but could hear rifle fire coming out of the car. >> reporter: so now you know that was taj firing at you. >> i do now. >> reporter: this shows the attacker's suv at a local shopping mall the day before the attack. it's unclear what they were planning to do there. as for the inland regional center behind me, two of the buildings are going to stay closed at least until the end of the year. the building where the attack happened could remain closed indefinitely. >> thanks, carter. republicans and democrats on capitol hill are backing new limits for america's visa waiver program. this allows travelers from 38 countries to enter the united states without a visa. they can only stay for 90 days or less. the house voted overwhelmingly on tuesday to deny a waiver to anyone who has traveled to iraq or syria in the previous five years. those travelers can enter the united states but they need a visa. lawmakers say it closes a loophole in the law. the senate has not yet scheduled a vote. this morning french police have identified the blast of the terror suspects who murdered 89
people at a paris concert hall. french news organizations are showing a picture of fouad mohamed-aggad killed during the bataclan attacks. he was a french syrian. two other suspects are unidentified nearly a month later. one is still at large. new video shows russia's first ever cruise missile strikes in syria from a submarine. russia's military released the video showing the launches from the mediterranean and says the barrage destroyed targets in raqqah. they are hitting much more syrian groups than isis. more powerful storms in oregon and washington caused mudslides and forced the evacuations. a falling tree killed a woman inside her portland home. the rain is expected to intensify this week. ben tracy is in kalama, washington, near portland. ben, good morning.
>> reporter: good morning. when the sun comes up in about 20 minutes it will be more obvious why they declared a flood emergency here as far as you can see down here, the streets are covered in several inches of water. this is the town hall of the city over here. you have the telephone company, the water goes right up to the doors. and this is just one part of the pacific northwest that is dealing with record rainfall. overnight heavy rains pounded the pacific northwest. in kalama, washington, severe flooding left much of the city under water triggering landslides and forcing several rescues. >> a lot of the houses had water rushing from the hills and the cars were almost tire deep. >> about 3:30 it started really raining and didn't take long for things to fill up. >> we have serious problems here. >> reporter: a landslide in portland pushed trees and mud towards cars and forced a closure of highway 30. the relentless rainfall sent rivers and creeks surging above flood levels. it opened up this massive
sinkhole in gresham and wind gusts as strong as 40 miles per hour toppled trees. >> all of a sudden i heard a big whoosh come down and next thing i know we have a tree down. i'm just waiting for more to go tonight. >> reporter: even in a part of the country used to seeing rain, the amount of wet weather drenching portland this week has set records. and it's likely to get worse in the coming days. we found these homeowners filling sandbags preparing for the next round of storms. what do you make of so much rain in so little time? >> i was saying yesterday it's probably a 100-year rain event, maybe longer than that. >> reporter: the storms are being caused by what is called an atmospheric river where the jet dream parks its over one area and hits it with storm after storm after storm and there is more rain in the forecast today. >> ben, thank you so much. record rainfall in south florida shut down one of the region's biggest attractions. zoo miami has been closed since saturday. storms flooded many motes used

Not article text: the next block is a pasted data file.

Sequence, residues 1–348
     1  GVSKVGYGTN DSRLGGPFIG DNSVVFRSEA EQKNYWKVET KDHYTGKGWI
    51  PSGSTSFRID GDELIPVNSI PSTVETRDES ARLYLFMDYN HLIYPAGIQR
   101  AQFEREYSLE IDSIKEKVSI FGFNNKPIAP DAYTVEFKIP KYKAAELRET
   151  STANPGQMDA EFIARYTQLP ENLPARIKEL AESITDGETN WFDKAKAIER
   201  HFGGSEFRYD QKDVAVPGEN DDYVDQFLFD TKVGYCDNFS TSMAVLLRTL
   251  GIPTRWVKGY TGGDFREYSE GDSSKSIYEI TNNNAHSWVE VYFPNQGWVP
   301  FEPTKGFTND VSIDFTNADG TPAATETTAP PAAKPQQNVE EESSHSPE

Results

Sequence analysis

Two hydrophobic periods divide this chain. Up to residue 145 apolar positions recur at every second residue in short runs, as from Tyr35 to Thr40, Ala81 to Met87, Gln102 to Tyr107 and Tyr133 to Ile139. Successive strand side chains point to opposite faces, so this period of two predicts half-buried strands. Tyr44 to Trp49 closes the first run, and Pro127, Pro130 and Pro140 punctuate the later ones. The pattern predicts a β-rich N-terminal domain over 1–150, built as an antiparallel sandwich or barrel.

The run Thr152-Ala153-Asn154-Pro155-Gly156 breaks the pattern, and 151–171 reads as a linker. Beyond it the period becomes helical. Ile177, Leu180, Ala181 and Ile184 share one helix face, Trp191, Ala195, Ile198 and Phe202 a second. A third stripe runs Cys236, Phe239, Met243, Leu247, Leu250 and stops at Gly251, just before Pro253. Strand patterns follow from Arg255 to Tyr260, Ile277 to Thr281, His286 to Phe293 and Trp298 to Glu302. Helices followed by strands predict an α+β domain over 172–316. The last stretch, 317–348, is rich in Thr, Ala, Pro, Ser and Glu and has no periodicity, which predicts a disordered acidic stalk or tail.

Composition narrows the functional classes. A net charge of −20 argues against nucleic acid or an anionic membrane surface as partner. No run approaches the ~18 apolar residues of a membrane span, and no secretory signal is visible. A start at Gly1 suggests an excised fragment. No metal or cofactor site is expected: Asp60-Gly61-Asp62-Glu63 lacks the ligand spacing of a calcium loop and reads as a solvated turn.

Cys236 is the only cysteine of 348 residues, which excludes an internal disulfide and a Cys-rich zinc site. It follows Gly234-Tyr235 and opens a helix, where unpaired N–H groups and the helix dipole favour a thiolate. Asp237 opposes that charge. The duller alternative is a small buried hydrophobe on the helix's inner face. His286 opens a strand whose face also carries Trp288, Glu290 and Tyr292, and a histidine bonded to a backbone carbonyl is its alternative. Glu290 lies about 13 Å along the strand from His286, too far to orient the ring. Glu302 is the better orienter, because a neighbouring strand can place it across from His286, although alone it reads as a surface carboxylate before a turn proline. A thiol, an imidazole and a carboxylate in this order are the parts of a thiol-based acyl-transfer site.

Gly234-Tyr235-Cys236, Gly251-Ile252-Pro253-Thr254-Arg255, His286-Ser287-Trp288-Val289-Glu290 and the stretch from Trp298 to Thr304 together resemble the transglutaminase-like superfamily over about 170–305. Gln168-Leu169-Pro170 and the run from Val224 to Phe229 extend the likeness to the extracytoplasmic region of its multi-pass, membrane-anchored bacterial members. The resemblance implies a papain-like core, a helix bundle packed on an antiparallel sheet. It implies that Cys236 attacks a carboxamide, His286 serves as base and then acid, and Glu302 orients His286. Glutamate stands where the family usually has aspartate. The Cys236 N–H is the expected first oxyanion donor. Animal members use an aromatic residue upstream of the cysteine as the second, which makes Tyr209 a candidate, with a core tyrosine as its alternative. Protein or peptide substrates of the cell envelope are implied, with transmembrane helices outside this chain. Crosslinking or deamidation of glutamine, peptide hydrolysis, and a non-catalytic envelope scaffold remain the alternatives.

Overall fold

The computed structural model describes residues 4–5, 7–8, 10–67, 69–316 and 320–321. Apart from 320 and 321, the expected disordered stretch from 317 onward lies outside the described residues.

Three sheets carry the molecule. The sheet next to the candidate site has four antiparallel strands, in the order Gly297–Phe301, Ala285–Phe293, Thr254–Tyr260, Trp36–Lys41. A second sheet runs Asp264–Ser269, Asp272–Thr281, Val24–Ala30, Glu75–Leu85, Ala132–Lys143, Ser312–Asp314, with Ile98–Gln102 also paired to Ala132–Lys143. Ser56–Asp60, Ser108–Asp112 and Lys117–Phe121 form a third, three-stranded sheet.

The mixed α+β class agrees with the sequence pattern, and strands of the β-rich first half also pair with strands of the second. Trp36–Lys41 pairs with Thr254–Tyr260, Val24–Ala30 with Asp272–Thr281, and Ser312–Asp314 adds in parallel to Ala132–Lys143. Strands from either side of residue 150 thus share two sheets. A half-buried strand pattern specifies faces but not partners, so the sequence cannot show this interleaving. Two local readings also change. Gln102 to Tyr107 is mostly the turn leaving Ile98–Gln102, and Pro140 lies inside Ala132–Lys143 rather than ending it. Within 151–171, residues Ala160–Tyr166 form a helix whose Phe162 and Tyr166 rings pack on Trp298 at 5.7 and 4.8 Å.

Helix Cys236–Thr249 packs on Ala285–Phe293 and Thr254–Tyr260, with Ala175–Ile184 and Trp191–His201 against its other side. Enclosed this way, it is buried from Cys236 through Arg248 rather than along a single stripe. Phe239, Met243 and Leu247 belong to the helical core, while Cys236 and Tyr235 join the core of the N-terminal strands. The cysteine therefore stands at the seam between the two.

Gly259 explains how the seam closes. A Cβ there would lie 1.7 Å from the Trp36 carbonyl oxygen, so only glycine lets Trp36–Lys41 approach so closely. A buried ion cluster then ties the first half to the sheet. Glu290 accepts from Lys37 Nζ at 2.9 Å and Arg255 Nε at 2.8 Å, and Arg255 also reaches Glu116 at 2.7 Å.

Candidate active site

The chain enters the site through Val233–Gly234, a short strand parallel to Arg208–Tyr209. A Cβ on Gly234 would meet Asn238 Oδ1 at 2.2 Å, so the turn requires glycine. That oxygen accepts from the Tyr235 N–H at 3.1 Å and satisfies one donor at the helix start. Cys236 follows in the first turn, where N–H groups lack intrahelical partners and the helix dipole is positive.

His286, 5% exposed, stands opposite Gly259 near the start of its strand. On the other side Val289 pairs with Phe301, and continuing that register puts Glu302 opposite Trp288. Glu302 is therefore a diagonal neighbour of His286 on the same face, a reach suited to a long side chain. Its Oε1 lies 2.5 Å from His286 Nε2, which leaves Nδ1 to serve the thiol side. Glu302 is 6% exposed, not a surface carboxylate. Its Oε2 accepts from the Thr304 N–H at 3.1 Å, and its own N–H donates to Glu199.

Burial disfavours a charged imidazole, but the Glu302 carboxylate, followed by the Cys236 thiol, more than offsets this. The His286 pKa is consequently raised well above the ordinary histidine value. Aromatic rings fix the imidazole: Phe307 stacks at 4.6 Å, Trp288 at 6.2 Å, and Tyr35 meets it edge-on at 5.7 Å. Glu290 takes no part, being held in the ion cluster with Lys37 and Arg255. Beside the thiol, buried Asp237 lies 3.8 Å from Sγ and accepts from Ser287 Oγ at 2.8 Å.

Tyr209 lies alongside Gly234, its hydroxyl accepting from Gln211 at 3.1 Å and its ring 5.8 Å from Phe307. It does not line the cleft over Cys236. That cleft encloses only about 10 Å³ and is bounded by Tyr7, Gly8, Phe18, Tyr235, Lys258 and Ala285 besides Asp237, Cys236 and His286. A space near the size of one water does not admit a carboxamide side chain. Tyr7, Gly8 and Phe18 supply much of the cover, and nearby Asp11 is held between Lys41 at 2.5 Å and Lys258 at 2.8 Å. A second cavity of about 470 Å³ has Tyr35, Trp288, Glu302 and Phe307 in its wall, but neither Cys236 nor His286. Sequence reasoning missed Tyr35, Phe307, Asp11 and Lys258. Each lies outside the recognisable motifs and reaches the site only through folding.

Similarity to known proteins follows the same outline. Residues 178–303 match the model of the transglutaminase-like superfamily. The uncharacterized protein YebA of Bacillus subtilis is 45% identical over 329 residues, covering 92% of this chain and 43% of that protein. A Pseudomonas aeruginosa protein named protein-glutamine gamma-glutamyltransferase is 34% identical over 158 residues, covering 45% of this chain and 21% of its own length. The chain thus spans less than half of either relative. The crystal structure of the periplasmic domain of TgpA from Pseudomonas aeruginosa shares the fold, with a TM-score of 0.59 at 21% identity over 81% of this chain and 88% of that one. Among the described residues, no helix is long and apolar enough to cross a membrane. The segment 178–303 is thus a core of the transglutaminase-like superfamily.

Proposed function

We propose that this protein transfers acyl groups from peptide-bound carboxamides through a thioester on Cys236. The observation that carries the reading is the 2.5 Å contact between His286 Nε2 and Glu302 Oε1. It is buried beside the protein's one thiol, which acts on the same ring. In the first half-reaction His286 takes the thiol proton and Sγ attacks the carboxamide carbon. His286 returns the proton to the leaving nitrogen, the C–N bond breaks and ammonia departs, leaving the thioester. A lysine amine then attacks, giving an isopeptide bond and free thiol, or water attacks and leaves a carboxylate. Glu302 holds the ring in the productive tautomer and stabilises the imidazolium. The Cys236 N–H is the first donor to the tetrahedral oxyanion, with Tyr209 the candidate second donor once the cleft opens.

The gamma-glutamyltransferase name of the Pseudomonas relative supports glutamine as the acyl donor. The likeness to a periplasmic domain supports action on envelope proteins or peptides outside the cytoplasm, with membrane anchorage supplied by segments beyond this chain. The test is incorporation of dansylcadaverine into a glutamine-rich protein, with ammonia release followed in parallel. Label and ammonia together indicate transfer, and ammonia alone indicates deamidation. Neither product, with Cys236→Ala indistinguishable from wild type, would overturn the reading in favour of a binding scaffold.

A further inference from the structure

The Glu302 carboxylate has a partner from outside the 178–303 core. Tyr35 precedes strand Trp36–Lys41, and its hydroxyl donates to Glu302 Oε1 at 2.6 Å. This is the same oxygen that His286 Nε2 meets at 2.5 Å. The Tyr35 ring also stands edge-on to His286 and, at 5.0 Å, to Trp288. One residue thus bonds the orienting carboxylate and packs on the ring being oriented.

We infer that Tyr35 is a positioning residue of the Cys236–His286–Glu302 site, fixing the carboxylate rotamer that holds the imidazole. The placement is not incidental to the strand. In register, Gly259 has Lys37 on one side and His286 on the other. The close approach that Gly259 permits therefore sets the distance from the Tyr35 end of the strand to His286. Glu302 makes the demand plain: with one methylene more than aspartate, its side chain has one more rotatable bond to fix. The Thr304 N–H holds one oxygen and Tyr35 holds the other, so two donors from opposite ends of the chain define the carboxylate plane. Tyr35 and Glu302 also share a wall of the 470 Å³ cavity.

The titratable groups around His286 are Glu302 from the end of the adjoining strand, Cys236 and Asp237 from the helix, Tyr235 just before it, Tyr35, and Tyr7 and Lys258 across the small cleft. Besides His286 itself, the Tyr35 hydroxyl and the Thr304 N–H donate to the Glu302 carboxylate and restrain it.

as barriers between animals and visitors and that's dangerous because animals like tigers and lions could swim across. the zoo says all of its animals are safe and not in danger. health officials say the norovirus is likely to blame for the latest illness outbreak at chipotle. boston college says 80 students became sick after eating at a restaurant near campus. the chain is recovering from an earlier e. coli outbreak in theest with. since then the shares have tanked down nearly 25% since october. anna warner is at the chipotle in the brighton section. >> reporter: good morning. we are in a local shopping area and this chipotle restaurant is very popular with students. but boston college officials say in recent days some 80 students have come to the health services department complaining of illness and all of them said that they ate here over the weekend. boston college says students
showed up by the dozens at a campus health center this week to say they were sick. that included several members of the men's basketball team who said they, too, had eaten at the popular chipotle near campus. >> you never think about it, you just go and want to get food on the weekend with your friends. >> reporter: this 18-year-old freshman ate there saturday and began to feel ill a day later. she'll be tested today. >> i've been having stomach problems, but like it's not that bad. and i just want to be safe. >> reporter: college health officials say students suffered symptoms including vomiting and diarrhea. the boston public health commission says early lab results indicate norovirus as the cause. the highly-contagious virus is contracted by up to 21 million americans each year. city health inspectors visited the chipotle location on monday and closed it temporarily citing it with three violences, including one for an employee who came to work sick which is against company policy. the news comes six weeks after an e. coli outbreak at the